2. To restrain or stop a person from filing or fighting a case in a court that is not subordinate to the one in which the injunction is being sought.

  3. To prevent a person from applying to any legislative body

  4. To restrain a person from filing or fighting a criminal case

  5. To prevent the breach of contract, the performance of which is not enforced specifically

  6. To prevent an act that is not a clear act of nuisance

  7. To prevent a continuing breach in which the plaintiff has himself acquiesced

  8. When an equally effective relief can be obtained in any other way or through any other sort of proceeding

  9. When the conduct of the plaintiff (or his agents) has been so wrongful as to disentitle him from the assistance of the court.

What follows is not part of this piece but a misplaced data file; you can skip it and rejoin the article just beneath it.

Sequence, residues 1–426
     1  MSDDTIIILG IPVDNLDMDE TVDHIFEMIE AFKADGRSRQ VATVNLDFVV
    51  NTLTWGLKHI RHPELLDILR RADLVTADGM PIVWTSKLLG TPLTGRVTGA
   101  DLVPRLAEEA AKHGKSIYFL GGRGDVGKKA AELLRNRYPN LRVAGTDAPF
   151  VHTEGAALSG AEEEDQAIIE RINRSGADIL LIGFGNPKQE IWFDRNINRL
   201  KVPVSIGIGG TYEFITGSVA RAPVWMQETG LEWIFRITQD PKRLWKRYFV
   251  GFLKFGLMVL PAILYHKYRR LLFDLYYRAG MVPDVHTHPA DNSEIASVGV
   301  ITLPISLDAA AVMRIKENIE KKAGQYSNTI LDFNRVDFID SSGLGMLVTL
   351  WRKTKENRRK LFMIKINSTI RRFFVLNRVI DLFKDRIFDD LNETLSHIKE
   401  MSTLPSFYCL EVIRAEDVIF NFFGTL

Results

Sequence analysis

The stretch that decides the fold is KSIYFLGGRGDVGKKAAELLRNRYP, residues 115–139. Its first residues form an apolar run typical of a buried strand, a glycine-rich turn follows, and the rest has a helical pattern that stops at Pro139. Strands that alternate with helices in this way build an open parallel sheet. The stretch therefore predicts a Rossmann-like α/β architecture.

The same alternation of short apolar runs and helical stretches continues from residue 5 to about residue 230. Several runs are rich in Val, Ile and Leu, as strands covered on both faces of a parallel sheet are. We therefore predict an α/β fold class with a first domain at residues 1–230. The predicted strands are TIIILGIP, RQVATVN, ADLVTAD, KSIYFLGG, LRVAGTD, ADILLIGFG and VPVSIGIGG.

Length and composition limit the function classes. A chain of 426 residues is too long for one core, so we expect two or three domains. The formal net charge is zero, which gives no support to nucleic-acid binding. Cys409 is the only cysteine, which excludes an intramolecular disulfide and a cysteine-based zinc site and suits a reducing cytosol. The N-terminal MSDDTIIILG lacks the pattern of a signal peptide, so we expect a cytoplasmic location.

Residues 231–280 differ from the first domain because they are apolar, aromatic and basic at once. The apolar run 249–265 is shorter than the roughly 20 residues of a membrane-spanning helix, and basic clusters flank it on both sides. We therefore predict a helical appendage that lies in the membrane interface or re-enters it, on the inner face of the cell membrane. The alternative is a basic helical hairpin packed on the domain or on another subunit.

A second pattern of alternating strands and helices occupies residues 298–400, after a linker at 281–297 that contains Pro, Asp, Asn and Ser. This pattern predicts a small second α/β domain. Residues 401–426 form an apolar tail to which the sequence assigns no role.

10. When the plaintiff has no personal interest in the said matter.


3. Specific Restitution of Property


The third judicial remedy accessible in the Law of Torts is that of Specific Restitution of Property. Restitution implies the rebuilding of merchandise back to the proprietor of the products. At the point when an individual is improperly seized of his property or merchandise, he is qualified for the reclamation of his property.


Conclusion


In torts, the item behind remedying a party is to return the distressed party to the status or position that they were getting a charge out of before the event of tort. It isn't to rebuff the defendant, as in crime. Remedies can be judicial and extrajudicial. When fair treatment of law is required for a party to pick up remedy, and the courts are included, the remedies are called judicial remedies.